have dreams or nightmares about them?
* Is there any way you can describe the effects of these war
experiences on your later life?
* How significant were these experiences to the way your personality
developed as you grew older?
* Is there anything else you would like to say about those war years?
Section VI: Out in the world after war and college
Section VII: Courtship and marriage
Section VIII: Parenting
Section IX: Divorce
Section X: Middle Age
Section XI: Older Age
Section XII: Being a Grandparent
Section XIII: General Questions
Some background for this project.
In 1990, I began a project to record a Graps Family story. This was
at a time when the Grapses on each side of the Atlantic had
connected after no contact for 45 years, due to the two Latvian
Graps brothers (my dad and his brother) being separated during World
War II. My Latvian cousin and her husband found us, the USA Grapses,
When I started my project, my goal was very idealistic- to write to
the world about a personal example of the "evils of communism." My
strong libertarian perspective supported this approach and I thought
that if I showed that here is an example of a family being taken
apart and changed forever, then I could make a stronger case against
However, even though my personal philosophy has remained the same,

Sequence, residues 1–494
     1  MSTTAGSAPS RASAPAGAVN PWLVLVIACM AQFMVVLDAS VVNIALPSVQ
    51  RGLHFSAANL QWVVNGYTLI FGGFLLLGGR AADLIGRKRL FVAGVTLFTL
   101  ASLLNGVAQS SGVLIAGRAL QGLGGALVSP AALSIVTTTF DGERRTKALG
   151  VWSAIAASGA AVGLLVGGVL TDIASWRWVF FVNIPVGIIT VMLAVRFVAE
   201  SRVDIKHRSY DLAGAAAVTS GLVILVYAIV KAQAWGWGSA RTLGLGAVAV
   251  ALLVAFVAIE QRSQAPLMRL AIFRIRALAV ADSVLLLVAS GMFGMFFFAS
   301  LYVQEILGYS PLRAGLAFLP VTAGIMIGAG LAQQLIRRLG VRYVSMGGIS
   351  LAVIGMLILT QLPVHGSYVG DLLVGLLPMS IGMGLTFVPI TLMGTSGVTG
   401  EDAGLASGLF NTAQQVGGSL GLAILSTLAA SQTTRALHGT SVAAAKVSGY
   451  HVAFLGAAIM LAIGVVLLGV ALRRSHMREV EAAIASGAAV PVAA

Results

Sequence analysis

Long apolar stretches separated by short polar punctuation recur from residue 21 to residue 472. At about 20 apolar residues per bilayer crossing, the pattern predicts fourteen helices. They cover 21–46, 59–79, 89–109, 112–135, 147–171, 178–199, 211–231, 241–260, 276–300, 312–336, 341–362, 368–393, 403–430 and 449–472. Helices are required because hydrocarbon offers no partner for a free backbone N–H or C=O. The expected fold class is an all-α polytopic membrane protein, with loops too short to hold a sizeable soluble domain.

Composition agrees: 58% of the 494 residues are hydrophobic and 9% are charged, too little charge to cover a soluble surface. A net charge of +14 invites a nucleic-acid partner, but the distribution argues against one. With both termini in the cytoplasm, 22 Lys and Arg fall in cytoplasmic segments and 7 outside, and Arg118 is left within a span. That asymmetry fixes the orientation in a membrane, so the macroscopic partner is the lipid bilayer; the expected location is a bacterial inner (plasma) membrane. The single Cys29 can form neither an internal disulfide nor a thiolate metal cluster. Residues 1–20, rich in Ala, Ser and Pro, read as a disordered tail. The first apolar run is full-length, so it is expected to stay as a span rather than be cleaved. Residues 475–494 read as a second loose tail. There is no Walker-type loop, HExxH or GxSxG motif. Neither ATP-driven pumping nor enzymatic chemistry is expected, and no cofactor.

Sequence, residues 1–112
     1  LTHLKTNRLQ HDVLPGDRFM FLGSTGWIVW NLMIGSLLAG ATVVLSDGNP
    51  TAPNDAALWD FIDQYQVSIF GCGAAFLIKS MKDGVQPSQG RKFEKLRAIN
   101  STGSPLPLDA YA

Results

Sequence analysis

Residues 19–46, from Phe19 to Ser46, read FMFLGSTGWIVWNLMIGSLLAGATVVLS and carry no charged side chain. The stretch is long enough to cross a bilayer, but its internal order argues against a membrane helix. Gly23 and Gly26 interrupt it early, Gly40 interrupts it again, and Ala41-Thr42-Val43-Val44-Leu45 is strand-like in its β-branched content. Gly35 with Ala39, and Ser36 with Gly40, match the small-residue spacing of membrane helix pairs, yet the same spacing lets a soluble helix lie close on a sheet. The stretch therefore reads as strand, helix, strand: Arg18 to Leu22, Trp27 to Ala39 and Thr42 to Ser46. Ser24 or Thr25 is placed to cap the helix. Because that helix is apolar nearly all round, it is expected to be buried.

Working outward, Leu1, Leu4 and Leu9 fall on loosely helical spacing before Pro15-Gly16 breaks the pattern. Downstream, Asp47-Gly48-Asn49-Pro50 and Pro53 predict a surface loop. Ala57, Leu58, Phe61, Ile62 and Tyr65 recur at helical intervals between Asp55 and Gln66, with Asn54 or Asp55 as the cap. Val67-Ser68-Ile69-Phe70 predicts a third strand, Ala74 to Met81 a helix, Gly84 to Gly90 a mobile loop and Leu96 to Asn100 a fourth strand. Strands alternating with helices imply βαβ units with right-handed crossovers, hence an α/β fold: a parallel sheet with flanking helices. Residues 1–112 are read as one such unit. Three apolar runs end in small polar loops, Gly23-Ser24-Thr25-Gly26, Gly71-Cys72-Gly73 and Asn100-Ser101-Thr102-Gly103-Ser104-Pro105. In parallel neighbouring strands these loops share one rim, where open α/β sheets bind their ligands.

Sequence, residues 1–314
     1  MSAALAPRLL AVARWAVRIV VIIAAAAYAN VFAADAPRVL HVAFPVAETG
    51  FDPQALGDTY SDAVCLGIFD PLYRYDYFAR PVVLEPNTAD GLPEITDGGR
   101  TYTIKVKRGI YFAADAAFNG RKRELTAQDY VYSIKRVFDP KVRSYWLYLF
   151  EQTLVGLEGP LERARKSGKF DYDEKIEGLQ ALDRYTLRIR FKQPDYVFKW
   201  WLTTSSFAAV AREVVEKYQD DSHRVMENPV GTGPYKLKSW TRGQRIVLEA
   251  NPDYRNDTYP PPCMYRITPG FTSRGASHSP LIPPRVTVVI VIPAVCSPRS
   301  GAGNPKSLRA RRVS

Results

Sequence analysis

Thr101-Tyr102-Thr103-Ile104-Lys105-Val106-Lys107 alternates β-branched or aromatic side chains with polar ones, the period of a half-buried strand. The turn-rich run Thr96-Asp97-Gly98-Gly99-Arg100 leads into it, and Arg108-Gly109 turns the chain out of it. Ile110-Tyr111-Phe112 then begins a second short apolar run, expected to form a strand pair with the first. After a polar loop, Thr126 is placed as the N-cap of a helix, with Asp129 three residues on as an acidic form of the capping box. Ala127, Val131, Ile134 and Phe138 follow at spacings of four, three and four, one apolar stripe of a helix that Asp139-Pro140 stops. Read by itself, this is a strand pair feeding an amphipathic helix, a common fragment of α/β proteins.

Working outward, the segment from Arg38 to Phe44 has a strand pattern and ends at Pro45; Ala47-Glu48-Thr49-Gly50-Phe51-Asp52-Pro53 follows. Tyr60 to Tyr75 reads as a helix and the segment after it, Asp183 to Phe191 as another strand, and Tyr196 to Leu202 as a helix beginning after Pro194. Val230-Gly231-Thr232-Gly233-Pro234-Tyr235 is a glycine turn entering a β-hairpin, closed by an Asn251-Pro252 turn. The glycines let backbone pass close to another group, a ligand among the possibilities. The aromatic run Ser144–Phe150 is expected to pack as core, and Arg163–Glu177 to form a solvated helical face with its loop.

my goals changed, through the process of interviewing my dad and
My dad and my uncle Igors have so much appreciated this project --
because through it, they have the means to to learn more things
about each other. They lost all of their middle-age years to be
brothers with each other, and are now in their 70s. These
discussions help them to learn what happened with the other one
during those 45 years that they were not in contact with each other.
And I love hearing their stories! My life is richer for having this
Here a little gem, that I discovered amongst my uncle's stories.
When the war ended, my uncle's small Latvian troop was sent to
Siberia, with the hundreds of thousands of other Baltic people in
1945. A short time before he arrived, a Polish musician group left
that camp in Siberia. The Soviet soldiers missed their music,
therefore, when the new batch of refugees and prisoners poured into